With hours remaining until one of the biggest voting days of the year, the American electorate has been left wringing its hands and asking nagging questions that have yet to be answered. As both Marco Rubio and Ted Cruz inadvertently fly under the radar (despite decent poll numbers in the latter candidate's case), the public's attention has now shifted to the current GOP frontrunner, and for good reason. While no one is 100 percent sure what happens if Donald Trump wins Super Tuesday, with a victory virtually inevitable, it's a scenario that deserves consideration.
Trump has maintained a wide berth over his rivals in most major polls (a lone NBC/WSJ poll put out mid-February had Cruz at 28 percent support, two points higher than Trump), so the notion that the bombastic billionaire mogul could run away with a momentous victory on Tuesday night isn't entirely inconceivable. But what would that mean for the GOP?
If Trump manages to take home a big win on Super Tuesday, one of two likely things could happen. In both instances, of course, a Trump victory will signal to lower polling candidates, like retired neurosurgeon Ben Carson and Ohio Gov. John Kasich, that it's time to abandon the race. Their abandonment would then place both Rubio and Cruz in a difficult spot with desperate Republican voters, who could potentially decide to go the way of New Jersey Gov. Chris Christie, reluctantly handing their support over to Trump to avoid a potential Democratic victory.
In the first scenario, Trump manages to take enough states to declare himself the night's big winner, either eeking out a last-minute lead or finishing a close second in places like Texas (Cruz's home state, where a Trump win would be especially damaging to the senator's reputation), Minnesota, Vermont, or Massachusetts. If that happens, then Rubio and Cruz could plausibly stand to stick around through to March 15, when the next largest crop of delegates will be up for grabs.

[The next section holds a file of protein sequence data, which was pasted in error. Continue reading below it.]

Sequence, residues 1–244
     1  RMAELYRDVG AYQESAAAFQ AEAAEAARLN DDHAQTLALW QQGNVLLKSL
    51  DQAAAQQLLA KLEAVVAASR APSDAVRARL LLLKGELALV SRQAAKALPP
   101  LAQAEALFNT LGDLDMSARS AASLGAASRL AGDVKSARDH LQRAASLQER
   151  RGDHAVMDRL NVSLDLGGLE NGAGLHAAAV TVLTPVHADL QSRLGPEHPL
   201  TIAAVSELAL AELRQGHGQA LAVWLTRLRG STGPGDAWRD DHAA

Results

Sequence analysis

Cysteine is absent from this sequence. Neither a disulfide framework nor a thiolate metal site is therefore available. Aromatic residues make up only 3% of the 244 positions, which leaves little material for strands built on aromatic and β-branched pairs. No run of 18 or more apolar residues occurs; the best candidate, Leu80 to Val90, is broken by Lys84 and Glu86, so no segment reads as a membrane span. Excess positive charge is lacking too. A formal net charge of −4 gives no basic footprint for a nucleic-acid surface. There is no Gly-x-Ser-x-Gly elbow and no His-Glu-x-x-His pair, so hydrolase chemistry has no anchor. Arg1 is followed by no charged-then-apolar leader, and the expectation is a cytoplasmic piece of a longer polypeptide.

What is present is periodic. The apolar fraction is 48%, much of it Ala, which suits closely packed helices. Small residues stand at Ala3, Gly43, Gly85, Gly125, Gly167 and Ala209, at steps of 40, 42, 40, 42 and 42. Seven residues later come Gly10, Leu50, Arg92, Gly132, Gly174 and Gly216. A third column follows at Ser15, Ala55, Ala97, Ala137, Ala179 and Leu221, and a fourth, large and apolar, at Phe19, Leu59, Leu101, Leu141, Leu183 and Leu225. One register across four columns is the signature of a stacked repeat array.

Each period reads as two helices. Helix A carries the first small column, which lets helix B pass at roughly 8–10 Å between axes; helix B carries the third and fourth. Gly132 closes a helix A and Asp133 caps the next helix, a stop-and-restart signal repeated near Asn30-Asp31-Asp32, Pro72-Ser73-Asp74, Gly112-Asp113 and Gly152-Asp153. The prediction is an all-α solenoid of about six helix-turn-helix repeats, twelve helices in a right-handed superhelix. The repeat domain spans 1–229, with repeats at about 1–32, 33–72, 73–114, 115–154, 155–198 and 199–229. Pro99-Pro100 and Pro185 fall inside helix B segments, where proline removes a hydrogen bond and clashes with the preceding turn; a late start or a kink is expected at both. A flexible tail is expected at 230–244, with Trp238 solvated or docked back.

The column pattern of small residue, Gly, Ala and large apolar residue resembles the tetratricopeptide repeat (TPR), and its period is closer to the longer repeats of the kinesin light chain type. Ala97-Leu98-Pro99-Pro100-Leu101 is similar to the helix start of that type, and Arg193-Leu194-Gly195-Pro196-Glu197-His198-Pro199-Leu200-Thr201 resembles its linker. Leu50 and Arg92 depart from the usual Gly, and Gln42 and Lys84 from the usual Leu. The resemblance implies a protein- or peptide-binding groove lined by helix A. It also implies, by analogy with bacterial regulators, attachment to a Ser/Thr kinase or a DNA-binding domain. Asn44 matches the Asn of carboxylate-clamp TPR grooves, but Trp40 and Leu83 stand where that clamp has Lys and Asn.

But even if Trump loses the aforementioned states to his closest rivals, at least one of those candidates could still be at risk of losing valuable support. "Texas is must-win for Cruz," NPR's Domenico Montanaro wrote in an analysis on Monday, arguing that if Cruz allowed a home state win to slip through his fingers, his campaign could begin to crumble. "... The rationale for [Cruz's] candidacy collapses," Montanaro explained.
Rubio too could take a hit, even if Trump doesn't manage to secure all 13 states on Super Tuesday: Despite a CBS/YouGov poll placing the Florida senator a relatively close 13 percentage points behind Trump in Virginia (with a handful of northern regions even reporting Rubio beating Trump), nervous voters might still take a single state win on Super Tuesday to mean that their donations would be better off going to the more victorious Trump. Already, some have begun reluctantly accepting that Trump will be the eventual nominee, and even former House Speaker Newt Gingrich admitted on this week's Fox and Friends that Republicans who believed Trump could still be defeated were living in a "fantasy land."
The second scenario is significantly more concerning to the GOP establishment, especially given Trump's most recent numbers. According to a CNN/ORC poll released on Monday, Trump will be entering the Super Tuesday race with 49 percent support among voters — a staggering 33 percentage points above his next closest rival, Rubio, who sits at just 16 percent. If those numbers remain in his favor, a Trump sweep is almost certainly guaranteed.
"[Trump's] timing has been impeccable," media magnate Steve Forbes told RealClearPolitics this week. "Most thought he would be a passing fad, so they didn’t go after him in a concerted way." And while poll numbers alone have previously been only part of the equation in determining a candidate's overall success, this time around, it seems frustrated voters are thriving on them — leaving Trump to easily gather up new supporters with ease.
For the establishment, this could mean disastrous, long-lasting effects within the Republican ranks, with the GOP essentially splintering into two factions: Trump supporters (and the reluctant voters who decide to follow them down the war path) and traditional conservative stalwarts. If that happens, the public can count on more strife in Washington than ever before.
Republicans are now facing a challenge going into the pivotal Super Tuesday elections: Concede the victory to Trump right now or scramble to throw together a last-minute push for their respective candidates in the hope that the inevitable isn't just that. For all intents and purposes, it seems that the former is much more likely.